For flipper loans you're probably dealing with borrowers with many contingent liabilities that are likely to impact their creditworthiness if anything else in their portfolio blows up for whatever reason.  

there are 50 ways to leave your lover.. same with hard money lending there are 50 ways to lose your money.  but if you use a little bit of smarts you can limit that to maybe 3 or 4 ways.

And if you really know how to do things you can mitigate that even more.

First, I agree, @Andrew Hooyman , with everyone you met that raves about lending.

Adding to Account Closed's excellent list of pitfalls, with maybe a bit of overlap:

  • You could take bad lending advice from a lousy attorney and not know it. (Not that that's ever happened to us).
  • You could start out undercapitalized and initially get into low value loans such as dangerous 2nds or into low-cost out-of-state areas you know nothing about to borrowers you’ve never met against properties you've never seen.
  • Similarly, you could advertise online (Craigslist, LinkedIn, and yes, BP) and take an ill-advised chance on strangers.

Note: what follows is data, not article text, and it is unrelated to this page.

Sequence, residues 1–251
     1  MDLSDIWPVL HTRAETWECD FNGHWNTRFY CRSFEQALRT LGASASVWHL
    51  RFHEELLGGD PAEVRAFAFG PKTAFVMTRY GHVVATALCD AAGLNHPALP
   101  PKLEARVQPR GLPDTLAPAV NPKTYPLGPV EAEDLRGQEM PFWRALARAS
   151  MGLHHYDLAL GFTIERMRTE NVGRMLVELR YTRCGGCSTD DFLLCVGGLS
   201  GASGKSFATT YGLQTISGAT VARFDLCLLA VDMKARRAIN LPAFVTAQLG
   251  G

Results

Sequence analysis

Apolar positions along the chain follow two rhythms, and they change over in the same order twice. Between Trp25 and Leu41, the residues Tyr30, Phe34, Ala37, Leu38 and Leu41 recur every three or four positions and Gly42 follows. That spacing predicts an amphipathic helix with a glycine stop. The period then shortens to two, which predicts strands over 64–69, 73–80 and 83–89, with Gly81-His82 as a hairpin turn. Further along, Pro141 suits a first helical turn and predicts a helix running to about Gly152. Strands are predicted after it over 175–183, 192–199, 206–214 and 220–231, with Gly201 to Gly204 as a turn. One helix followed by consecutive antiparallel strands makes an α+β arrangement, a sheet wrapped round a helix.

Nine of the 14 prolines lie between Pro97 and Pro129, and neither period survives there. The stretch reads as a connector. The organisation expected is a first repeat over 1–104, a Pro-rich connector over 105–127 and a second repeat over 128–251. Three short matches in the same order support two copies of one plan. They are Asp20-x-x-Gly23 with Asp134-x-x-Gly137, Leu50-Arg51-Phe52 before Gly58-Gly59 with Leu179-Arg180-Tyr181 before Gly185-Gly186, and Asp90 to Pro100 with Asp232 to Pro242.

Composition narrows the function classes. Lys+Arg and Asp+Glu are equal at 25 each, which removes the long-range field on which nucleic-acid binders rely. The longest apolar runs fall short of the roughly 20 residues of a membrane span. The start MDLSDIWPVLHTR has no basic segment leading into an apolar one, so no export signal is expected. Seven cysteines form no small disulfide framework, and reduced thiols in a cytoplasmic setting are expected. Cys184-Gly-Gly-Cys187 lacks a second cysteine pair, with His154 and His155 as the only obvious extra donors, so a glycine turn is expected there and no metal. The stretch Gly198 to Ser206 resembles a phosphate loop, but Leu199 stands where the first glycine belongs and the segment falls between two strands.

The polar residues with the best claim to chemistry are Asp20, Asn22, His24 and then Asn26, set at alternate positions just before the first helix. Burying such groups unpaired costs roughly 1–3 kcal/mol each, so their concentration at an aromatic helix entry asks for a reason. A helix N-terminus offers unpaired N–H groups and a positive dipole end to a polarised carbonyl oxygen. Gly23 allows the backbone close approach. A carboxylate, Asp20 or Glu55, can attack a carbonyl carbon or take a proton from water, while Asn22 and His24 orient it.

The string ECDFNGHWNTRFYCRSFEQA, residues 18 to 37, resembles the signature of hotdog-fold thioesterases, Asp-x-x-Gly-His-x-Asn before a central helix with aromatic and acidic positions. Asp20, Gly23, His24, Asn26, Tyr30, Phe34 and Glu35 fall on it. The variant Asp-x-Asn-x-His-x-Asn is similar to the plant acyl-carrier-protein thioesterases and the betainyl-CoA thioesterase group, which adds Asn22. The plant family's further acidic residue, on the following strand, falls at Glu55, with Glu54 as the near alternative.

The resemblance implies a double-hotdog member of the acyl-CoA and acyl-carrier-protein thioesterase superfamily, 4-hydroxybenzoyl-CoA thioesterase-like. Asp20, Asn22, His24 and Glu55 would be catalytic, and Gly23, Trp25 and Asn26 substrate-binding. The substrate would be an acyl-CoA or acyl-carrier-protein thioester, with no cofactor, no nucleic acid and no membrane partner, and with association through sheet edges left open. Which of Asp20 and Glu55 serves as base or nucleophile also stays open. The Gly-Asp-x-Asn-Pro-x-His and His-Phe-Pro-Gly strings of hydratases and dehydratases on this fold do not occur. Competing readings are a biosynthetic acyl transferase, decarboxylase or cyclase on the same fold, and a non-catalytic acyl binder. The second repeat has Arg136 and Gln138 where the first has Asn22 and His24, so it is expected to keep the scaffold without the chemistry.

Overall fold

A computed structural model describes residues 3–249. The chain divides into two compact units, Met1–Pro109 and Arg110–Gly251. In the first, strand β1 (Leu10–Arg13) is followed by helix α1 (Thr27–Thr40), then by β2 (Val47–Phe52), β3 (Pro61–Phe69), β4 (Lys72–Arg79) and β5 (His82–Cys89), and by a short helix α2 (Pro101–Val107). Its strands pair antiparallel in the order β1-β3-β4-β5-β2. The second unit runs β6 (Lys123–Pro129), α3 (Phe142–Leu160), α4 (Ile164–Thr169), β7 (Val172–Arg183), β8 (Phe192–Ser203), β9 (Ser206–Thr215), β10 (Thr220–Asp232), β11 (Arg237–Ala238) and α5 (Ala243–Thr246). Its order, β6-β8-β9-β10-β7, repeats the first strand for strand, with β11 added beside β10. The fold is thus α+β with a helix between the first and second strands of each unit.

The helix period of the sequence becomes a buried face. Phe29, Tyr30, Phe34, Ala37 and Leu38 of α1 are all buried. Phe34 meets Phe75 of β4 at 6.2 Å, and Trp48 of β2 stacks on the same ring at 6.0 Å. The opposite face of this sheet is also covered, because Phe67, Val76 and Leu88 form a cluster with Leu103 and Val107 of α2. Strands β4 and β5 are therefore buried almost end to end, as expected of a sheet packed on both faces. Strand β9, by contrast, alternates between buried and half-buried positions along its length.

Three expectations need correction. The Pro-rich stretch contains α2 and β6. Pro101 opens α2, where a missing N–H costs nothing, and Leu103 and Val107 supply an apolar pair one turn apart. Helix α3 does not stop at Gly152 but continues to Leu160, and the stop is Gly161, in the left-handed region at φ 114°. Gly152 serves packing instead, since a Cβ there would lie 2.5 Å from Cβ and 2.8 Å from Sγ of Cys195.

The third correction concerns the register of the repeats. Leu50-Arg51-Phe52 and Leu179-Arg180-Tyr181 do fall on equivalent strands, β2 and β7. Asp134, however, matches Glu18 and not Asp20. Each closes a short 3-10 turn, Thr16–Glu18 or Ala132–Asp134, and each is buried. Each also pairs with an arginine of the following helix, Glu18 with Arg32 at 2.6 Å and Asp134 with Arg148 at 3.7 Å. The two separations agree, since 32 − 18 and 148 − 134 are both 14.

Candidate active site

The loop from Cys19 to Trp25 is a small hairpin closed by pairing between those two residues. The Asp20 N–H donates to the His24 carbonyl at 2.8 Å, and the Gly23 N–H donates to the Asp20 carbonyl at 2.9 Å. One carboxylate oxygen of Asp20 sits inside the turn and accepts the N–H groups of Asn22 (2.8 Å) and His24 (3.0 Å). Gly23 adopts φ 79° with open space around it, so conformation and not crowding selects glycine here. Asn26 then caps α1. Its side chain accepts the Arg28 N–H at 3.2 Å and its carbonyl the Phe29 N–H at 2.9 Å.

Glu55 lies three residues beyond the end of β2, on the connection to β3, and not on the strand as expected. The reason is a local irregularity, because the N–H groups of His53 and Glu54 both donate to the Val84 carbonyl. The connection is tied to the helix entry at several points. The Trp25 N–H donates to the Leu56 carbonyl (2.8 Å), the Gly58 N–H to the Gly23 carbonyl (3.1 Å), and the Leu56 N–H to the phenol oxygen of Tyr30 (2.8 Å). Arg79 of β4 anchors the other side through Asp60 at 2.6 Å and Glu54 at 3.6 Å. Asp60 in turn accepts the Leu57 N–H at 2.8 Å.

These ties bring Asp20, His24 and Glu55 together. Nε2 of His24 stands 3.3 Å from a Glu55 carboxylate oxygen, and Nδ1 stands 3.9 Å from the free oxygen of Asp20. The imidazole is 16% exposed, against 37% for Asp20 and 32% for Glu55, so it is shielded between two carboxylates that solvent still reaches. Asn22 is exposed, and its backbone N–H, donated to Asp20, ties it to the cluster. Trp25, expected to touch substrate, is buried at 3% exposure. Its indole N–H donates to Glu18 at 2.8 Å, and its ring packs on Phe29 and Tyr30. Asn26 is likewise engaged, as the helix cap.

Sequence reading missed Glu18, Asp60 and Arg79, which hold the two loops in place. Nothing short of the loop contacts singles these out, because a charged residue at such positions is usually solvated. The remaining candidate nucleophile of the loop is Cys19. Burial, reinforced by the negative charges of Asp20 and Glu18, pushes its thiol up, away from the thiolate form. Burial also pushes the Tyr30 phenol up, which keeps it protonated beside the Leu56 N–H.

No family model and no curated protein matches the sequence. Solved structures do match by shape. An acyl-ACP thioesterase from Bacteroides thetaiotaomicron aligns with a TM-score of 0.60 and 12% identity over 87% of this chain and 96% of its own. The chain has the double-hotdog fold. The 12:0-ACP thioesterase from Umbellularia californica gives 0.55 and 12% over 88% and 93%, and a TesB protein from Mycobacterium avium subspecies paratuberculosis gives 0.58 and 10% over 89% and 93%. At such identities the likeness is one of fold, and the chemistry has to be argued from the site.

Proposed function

• You could break the law by advertising in states that require a license to simply call yourself a lender.
  • Not understanding licensing requirements in the state you're lending.
  • Lending to anyone who is inexperienced. I could leave it at that, but especially if you are also inexperienced. This is not a business where the blind should lead the blind.
  • Not knowing the difference between a consumer purpose and business purpose loan. (I'll add that 95% of all the lenders on BP, some very experienced, don't know the difference. @Account Closed , excluded.)
  • Not understanding the definition of a prohibited transaction when lending through your retirement plan.
  • Making the perfect loan to a perfect borrower on a historic home, without knowing that there are three historic committees that must all agree on the repairs but never meet at the same time. (Guilty -- on a three-year HML, and counting.)
  • Not having a clue about how to read a preliminary title report or how to specify lender title requirements when requesting one.
  • Not understanding all the documents you need in the state you are lending, including all the required disclosures.
  • Finding your lending documents online, asking for them on BP, or posting some here and asking for legal advice. Truly, this never ceases to amaze me.